• Determine if there is an associated NOE or midface fracture



  • Inspect the septum for swelling or deviation to diagnose septal hematoma



Pearls for diagnosis of nasal bone fractures


Box 3





  • Identify the fracture as displaced or nondisplaced



  • Identify concomitant nasofrontal and NOE fractures



  • Evaluate the integrity of the nasofrontal duct



  • Evaluate the posterior table and comment on comminution, dural injury, and injury to adjacent frontal lobe



Pearls for diagnosis of frontal sinus fractures


Box 4





  • Identify directionality: transverse versus longitudinal



  • Evaluate the integrity of the otic capsule



  • Assess for involvement of the ossicular chain



  • Assess the carotid canal



  • Look for the presence of pneumolabyrinth



  • Evaluate the venous structures for injury and/or thrombus



  • Evaluate the integrity of the tegmen tympani



Pearls for diagnosis of temporal bone fractures


Critical in the initial evaluation of head CT studies in trauma is the search for intracranial hemorrhage and mass effect, followed by evaluation for more subtle findings. After the intracranial contents have been thoroughly assessed, the bony elements are evaluated. The radiologist should keep fracture patterns in mind, along with frequently missed areas, such as the lamina papyracea, orbital rims and floor, nasolacrimal duct, carotid canal, temporal bones, and orbital apex. The radiologist should conclude with the occipital condyles, C1 and C2 vertebrae and the rest of the craniocervical junction, and the skull base. Based on initial findings, further studies may be recommended, such as dedicated imaging of the facial bones or sinuses, angiographic studies, and/or MR imaging.




Pathologic abnormality


Cranial Injuries


Cranial injuries can be categorized broadly into soft tissue, bony, and hemorrhagic injuries. The soft tissue of the cranium is essentially limited to the scalp. As such, diagnosis of injury here is not heavily reliant on imaging, with the possible exception of detection of foreign bodies. Although a growing subgaleal hematoma could require surgical intervention, such a problem should readily manifest itself on a physical examination. Skull fractures are discussed later with injuries to the craniofacial skeleton.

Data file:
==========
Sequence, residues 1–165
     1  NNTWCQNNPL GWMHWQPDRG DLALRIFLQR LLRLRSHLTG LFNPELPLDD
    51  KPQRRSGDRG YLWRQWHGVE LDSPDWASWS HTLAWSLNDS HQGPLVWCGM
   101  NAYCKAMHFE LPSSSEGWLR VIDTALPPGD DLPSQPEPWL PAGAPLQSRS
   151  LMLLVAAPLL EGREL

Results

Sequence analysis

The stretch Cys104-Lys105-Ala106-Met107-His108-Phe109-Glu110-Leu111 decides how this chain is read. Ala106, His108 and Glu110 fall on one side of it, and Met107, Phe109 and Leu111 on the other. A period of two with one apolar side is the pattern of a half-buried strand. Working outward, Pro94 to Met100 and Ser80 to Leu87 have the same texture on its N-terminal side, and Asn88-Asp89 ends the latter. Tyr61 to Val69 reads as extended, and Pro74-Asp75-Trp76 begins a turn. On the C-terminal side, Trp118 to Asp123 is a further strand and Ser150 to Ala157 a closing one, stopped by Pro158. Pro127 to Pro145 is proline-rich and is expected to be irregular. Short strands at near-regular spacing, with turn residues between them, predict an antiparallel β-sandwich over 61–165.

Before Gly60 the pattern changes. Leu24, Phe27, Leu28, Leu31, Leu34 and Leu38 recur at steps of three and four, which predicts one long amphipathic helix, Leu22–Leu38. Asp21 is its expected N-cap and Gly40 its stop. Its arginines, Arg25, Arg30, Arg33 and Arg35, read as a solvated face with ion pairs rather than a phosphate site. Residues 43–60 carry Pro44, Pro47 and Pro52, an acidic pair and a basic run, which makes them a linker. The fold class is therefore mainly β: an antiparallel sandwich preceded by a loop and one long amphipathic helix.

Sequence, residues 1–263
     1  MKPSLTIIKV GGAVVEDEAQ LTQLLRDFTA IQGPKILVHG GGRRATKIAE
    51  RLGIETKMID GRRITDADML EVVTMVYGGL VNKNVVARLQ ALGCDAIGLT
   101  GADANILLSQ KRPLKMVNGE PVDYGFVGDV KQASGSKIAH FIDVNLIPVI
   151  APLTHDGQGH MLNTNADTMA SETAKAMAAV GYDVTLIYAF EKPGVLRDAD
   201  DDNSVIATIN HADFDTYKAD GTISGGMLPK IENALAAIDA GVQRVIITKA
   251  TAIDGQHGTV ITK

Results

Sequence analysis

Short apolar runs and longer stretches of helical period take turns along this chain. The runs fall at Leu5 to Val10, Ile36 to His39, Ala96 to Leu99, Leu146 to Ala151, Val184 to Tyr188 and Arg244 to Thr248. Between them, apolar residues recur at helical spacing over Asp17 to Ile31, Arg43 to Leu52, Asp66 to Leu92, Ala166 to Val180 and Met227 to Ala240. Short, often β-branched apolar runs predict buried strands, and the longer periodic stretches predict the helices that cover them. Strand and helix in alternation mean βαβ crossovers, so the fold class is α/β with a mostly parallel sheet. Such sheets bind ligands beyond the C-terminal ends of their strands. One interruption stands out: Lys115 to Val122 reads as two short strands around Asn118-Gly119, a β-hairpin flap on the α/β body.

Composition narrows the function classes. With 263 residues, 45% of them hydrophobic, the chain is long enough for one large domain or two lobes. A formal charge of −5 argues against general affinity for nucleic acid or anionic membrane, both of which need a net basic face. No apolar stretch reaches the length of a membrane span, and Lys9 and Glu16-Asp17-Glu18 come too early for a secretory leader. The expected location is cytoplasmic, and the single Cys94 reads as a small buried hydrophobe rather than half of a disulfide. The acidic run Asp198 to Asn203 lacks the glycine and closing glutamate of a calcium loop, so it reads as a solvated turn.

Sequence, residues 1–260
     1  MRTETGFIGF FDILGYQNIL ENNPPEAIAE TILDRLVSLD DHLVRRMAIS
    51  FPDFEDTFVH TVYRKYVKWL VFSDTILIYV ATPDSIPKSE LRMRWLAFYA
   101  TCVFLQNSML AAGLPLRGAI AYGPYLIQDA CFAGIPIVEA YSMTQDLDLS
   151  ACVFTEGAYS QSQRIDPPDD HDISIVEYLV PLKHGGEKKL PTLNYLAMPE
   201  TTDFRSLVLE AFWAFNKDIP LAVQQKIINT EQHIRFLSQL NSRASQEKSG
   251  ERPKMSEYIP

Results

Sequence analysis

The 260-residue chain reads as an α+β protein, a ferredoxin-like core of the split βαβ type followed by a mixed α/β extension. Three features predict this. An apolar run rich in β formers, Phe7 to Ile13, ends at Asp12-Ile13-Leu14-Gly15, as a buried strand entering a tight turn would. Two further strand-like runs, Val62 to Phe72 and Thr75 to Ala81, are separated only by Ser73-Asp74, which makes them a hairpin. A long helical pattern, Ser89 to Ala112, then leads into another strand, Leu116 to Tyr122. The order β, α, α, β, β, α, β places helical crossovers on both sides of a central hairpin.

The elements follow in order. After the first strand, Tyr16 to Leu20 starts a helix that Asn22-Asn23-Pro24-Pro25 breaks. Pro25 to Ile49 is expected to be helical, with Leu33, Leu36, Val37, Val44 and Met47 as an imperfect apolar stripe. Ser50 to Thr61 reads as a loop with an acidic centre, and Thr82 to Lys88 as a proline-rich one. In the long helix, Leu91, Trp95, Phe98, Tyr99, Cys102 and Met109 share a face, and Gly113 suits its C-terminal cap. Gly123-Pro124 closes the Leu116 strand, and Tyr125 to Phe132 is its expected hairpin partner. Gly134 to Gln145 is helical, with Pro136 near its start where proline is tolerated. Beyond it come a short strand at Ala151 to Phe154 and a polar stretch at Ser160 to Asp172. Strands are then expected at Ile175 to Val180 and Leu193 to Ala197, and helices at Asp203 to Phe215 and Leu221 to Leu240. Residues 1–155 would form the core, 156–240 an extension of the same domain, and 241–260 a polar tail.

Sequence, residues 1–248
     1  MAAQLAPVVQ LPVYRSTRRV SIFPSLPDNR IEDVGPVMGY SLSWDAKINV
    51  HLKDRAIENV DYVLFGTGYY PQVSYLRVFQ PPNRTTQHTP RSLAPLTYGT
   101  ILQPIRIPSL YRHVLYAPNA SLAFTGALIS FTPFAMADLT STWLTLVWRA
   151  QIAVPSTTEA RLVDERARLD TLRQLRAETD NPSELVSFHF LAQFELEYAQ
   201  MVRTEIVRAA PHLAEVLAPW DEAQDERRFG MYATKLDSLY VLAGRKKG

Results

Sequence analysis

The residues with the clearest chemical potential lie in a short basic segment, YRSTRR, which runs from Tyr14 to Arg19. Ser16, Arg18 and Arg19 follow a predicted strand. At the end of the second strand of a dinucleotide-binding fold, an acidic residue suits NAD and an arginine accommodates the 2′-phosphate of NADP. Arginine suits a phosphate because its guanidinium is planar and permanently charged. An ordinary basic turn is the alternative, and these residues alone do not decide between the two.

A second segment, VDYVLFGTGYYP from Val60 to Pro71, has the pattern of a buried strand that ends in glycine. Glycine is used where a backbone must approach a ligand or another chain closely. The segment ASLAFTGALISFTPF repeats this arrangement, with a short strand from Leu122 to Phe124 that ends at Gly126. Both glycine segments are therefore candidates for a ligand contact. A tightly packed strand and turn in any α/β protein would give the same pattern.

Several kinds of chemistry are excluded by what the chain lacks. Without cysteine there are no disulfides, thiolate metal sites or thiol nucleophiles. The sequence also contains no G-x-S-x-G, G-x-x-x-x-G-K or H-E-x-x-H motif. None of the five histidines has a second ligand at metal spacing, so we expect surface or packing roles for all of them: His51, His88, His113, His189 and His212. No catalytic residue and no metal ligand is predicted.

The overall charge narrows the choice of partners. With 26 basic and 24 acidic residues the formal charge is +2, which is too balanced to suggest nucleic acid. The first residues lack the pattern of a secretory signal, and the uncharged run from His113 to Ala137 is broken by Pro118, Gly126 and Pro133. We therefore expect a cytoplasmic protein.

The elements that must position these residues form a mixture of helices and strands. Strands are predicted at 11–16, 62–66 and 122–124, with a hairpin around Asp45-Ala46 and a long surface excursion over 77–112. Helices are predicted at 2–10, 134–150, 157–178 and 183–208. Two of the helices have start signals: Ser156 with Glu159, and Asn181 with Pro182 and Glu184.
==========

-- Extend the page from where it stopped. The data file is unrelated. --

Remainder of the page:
Hemorrhagic injuries


Hemorrhagic injuries are grouped into intra-axial and extra-axial lesions. Intra-axial blood is confined to the parenchyma, whereas extra-axial blood can be found anywhere in the ventricles or in the spaces between the calvarium and the cortex. Most of the traumatic hemorrhagic pathologic abnormalities can have atraumatic analogues that may change further diagnostic testing and management indications. Although the clinical history will typically clarify such an ambiguity, there are frequently cases where the causality between a hemorrhage and a trauma is not clear. For instance, a fall down a flight of stairs could result in traumatic subarachnoid hemorrhage; likewise, an aneurysm that ruptures in a patient who is walking down a flight of stairs could also cause a fall but would also have subarachnoid hemorrhage of a disparate cause. Patients are also frequently “found down,” and the volume of hemorrhage on a head CT may be out of proportion to a ground level fall. Noting discrepancies between the size of a given hemorrhage, and the absence of other signs of trauma, such as soft tissue injuries, skull fractures, and contrecoup injuries ( Fig. 4 ), can help the trauma team and surgeons initiate appropriate management algorithms. In these instances, MR imaging is often useful for assessing diffuse axonal injury (DAI) and other subtle findings that may be difficult to identify on CT.




Fig. 4